The notion of a 24/7 worlds brings with it a deeper awareness of the sleeplessness and insomnia of our contemporary culture. As Crary remarks 24/7 steadily undermines distinctions between day and night, between light and dark, and between action and repose. It is a zone of insensibility, of amnesia, of what defeats the possibility of experience. To paraphrase Maurice Blanchot, it is both of and after the disaster, characterized by the empty sky, in which no star or sign is visible, in which one’s bearings are lost and orientation is impossible. More concretely, it is like a state of emergency, when a bank of floodlights are suddenly switched on in the middle of the night, seemingly as a response to some extreme circumstances, but which never get turned off and become domesticated into a permanent condition. The planet becomes reimagined as a non-stop work site or an always open shopping mall of infinite choices, tasks, selections, and digressions. Sleeplessness is the state in which producing, consuming, and discarding occur without pause, hastening the exhaustion of life and the depletion of resources.8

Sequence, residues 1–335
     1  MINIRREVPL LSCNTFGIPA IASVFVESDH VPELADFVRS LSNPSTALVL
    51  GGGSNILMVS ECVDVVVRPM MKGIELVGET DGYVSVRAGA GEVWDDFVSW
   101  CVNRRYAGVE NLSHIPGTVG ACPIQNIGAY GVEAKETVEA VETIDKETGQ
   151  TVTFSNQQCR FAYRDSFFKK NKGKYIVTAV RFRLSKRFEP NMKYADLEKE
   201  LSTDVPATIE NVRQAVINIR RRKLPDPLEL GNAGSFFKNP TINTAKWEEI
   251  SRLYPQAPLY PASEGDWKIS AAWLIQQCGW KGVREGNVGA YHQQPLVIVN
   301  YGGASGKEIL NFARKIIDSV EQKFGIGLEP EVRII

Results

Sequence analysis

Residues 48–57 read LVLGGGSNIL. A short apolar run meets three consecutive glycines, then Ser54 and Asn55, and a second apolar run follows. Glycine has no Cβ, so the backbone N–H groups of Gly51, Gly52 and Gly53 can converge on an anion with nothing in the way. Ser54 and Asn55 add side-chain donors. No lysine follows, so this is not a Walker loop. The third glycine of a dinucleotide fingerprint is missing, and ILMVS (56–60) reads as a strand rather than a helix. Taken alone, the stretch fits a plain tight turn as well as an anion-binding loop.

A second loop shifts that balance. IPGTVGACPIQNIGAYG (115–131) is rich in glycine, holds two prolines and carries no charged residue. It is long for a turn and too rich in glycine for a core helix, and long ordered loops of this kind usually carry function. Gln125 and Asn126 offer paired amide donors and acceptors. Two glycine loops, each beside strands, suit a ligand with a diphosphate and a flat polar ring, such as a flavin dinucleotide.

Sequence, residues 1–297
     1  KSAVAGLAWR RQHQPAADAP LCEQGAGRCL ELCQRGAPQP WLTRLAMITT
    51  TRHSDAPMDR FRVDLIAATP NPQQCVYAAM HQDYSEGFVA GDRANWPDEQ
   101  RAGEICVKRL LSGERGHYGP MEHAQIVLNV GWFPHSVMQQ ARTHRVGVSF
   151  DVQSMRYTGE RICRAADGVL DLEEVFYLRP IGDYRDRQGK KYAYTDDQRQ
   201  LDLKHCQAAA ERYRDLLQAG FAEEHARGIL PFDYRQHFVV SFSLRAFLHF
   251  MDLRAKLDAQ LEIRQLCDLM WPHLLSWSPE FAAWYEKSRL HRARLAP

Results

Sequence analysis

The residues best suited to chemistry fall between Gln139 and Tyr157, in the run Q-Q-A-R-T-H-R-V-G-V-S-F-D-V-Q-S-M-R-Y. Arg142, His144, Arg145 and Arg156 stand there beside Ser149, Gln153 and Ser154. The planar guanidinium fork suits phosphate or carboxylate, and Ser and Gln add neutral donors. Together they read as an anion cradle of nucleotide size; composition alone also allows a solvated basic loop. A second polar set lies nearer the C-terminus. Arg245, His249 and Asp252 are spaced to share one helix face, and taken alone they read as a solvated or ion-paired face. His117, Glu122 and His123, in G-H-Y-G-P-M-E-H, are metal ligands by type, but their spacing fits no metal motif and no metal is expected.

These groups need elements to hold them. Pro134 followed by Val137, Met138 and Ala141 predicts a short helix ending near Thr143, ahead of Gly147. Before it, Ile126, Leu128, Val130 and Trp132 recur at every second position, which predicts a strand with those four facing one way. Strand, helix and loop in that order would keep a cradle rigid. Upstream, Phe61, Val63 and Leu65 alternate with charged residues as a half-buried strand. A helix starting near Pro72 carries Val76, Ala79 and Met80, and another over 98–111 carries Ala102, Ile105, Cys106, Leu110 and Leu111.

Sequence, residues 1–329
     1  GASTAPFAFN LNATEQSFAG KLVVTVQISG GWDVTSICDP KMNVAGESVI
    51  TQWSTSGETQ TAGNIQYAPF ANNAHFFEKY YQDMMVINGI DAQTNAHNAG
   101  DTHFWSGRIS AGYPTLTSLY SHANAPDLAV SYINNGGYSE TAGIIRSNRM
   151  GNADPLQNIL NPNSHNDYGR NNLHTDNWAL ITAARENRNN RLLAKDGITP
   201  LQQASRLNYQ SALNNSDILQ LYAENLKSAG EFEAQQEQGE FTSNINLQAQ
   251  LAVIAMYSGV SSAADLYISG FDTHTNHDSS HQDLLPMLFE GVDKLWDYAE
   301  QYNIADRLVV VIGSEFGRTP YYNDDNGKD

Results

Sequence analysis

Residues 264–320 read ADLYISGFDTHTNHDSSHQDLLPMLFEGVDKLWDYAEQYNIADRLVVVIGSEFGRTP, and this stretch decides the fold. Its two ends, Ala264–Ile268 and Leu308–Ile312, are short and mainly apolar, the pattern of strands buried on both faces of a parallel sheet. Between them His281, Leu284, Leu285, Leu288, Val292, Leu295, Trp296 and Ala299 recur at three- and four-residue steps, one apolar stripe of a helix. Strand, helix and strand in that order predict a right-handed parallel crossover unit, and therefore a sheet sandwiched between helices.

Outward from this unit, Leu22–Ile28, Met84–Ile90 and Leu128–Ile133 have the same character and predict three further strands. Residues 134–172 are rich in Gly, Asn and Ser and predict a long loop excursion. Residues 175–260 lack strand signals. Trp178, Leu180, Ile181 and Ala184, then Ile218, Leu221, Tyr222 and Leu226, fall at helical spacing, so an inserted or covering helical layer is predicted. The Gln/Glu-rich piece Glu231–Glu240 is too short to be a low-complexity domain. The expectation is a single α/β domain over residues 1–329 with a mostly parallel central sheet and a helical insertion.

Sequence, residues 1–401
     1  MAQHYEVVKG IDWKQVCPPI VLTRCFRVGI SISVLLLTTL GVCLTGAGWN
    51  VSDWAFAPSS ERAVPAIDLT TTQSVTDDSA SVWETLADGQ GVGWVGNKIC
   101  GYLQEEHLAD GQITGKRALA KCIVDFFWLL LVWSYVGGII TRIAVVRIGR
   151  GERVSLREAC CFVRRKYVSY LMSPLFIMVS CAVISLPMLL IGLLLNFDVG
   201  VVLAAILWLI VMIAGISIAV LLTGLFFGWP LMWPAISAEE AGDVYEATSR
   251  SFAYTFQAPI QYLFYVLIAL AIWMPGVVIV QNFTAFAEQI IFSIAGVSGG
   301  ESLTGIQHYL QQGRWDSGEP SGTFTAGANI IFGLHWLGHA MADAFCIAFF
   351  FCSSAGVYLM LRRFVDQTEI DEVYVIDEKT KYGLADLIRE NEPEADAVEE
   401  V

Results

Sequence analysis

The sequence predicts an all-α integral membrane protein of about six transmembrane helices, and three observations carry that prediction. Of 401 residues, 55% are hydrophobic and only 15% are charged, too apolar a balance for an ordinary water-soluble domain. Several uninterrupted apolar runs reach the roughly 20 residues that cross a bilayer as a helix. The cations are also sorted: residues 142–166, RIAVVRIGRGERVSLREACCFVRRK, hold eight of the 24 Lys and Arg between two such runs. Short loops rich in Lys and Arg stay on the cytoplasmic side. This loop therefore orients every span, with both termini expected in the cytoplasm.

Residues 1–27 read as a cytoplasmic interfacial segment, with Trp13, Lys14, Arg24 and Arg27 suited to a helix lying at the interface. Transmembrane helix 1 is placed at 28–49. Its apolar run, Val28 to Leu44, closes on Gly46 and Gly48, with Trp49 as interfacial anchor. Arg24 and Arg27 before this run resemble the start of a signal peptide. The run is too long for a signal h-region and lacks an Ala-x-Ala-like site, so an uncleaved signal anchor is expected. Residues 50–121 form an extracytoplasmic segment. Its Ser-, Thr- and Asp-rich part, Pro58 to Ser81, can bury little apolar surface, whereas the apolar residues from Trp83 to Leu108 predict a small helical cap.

It’s this sense that we are being sucked dry, depleted of our knowledge and experience, made stupid beyond belief. Following Crary, Bernard Stiegler provides a further diagnosis, saying,

 As 24/7 capitalism and algorithmic governmentality, it hegemonically serves a hyper-entropic functioning that accelerates the rhythm of the consumerist destruction of the world while installing a structural and unsustainable insolvency, based on a generalized stupefaction and a functional stupidity that destroys the neganthropological capacities that knowledge contains: unlike mere competence, which does not know what it does, knowledge is a cosmic factor that is inherently negentropic. (AS: KL 702)